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What Treatments are Available for Patients with Systemic Sclerosis?

Systemic Sclerosis

Systemic sclerosis is an autoimmune disease with a large number of symptoms that appear with a range of severities depending on the patient. Some forms of the disease are relatively minor, only affecting the surface of the skin while others will affect the vital organs. The cause of the disease is almost entirely unknown, and current treatment methods are only able to relieve some of the symptoms.

Fortunately, new treatment methods have been devised that use recently developed stem cell technologies to surpass previous treatments and produce better long term outcomes for patients suffering from the disease. First, it may be helpful to understand the disease before jumping into stem cell therapies for systemic sclerosis.

What is Systemic Sclerosis?

There are a wide range of conditions that fall into the category of “scleroderma”, that affect the connective tissues in the skin, as well as other parts of the body. There are two main forms of scleroderma, known as localized and systemic. Localized scleroderma is limited to affecting only the skin and on occasion some of the nearby tissues. Systemic scleroderma, commonly known as systemic sclerosis, affects tissues throughout the body, including the skin and related tissues, but also the internal organs.

Systemic sclerosis is characterized by an overproduction of collagen. This is a connective tissue found throughout the body and has a variety of purposes related to keeping the structure of various tissues in the correct shape. The overproduction of collagen in different areas causes different symptoms depending on where the excels collagen is found.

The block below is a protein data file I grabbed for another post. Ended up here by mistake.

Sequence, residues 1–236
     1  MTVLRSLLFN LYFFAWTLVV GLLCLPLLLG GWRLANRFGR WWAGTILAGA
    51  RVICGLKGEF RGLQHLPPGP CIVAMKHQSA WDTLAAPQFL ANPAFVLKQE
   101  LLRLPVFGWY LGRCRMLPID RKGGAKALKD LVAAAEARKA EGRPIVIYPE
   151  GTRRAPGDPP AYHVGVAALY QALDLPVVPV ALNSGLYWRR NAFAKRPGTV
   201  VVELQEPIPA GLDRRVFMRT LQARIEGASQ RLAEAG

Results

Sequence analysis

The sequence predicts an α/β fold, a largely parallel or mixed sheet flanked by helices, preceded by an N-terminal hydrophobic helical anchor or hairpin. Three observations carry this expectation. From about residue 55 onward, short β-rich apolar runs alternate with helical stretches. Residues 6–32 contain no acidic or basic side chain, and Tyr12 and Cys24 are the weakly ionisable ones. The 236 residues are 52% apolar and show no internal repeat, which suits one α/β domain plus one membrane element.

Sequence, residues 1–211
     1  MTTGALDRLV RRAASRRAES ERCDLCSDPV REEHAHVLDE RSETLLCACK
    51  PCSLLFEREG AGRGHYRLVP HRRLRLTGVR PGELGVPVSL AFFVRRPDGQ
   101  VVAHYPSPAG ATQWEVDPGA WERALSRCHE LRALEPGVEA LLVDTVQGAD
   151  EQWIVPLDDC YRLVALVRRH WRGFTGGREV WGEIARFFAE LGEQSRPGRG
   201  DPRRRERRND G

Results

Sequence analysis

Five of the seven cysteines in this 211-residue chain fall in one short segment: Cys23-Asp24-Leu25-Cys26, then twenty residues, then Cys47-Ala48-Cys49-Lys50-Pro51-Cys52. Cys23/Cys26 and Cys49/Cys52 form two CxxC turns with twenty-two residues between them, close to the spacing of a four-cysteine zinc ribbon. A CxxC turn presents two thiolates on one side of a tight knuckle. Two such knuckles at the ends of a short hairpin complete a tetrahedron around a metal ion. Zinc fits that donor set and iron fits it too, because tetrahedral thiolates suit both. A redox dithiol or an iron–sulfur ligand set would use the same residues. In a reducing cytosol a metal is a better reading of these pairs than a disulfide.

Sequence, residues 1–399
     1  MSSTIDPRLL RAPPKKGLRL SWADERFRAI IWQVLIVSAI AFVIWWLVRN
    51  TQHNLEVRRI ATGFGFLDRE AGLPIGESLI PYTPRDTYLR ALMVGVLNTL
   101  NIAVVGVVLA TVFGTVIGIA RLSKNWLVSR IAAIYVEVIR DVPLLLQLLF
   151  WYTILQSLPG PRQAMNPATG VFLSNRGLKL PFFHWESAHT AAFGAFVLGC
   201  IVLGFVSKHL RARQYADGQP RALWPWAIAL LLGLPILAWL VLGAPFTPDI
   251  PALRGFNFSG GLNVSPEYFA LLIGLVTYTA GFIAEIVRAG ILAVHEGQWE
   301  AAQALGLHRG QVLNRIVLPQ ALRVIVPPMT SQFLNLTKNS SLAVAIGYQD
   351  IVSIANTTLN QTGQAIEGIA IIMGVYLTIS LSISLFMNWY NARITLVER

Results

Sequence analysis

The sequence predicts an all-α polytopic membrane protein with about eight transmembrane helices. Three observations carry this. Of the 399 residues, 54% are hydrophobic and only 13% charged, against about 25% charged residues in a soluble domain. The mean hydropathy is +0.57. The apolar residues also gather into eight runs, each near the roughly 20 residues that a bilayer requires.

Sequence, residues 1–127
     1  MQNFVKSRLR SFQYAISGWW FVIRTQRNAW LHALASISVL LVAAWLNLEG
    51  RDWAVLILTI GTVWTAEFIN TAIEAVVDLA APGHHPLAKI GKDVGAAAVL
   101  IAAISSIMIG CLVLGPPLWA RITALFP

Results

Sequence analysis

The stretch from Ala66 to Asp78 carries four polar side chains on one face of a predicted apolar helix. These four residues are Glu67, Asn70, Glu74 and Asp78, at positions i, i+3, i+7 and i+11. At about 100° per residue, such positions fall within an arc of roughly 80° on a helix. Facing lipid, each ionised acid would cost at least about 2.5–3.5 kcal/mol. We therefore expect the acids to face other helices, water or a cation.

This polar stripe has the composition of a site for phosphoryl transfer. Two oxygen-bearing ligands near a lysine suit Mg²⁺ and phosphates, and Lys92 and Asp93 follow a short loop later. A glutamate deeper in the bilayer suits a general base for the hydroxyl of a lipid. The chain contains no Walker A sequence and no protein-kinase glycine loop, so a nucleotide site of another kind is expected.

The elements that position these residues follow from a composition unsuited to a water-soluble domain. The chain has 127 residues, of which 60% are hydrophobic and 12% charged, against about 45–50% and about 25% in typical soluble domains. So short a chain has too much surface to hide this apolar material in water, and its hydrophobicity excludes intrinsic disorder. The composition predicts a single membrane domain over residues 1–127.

Systemic sclerosis presents differently depending on the patient, with the severity and exact nature of the symptoms being experienced varying widely. The main visible symptom is in the skin, which can become red, scaly, flaky, or shiny. Blood vessels are also affected, often becoming constricted or blocked, and appearing more visible. In the limited form, the production is kept mainly to the skin up until the knees or elbows, without affecting the main core of the body. In the diffuse form, excess collagen is also found throughout the entire body, including the internal organs. This form tends to have more severe side effects, since the organs may become unable to function. Both forms may or may not affect the face, depending on the individual patient’s presentation.

As well as the symptoms visible in the skin, those who suffer from the diffuse form of the disease can end up with complications in their organs. If these affect the heart, lungs or kidneys, there can be particularly serious consequences, which can lead to organ failure and death. Less serious, but still problematic, symptoms can occur in the gastrointestinal tract. This can lead to difficulties with digestion or even eating, depending on where the issues occur.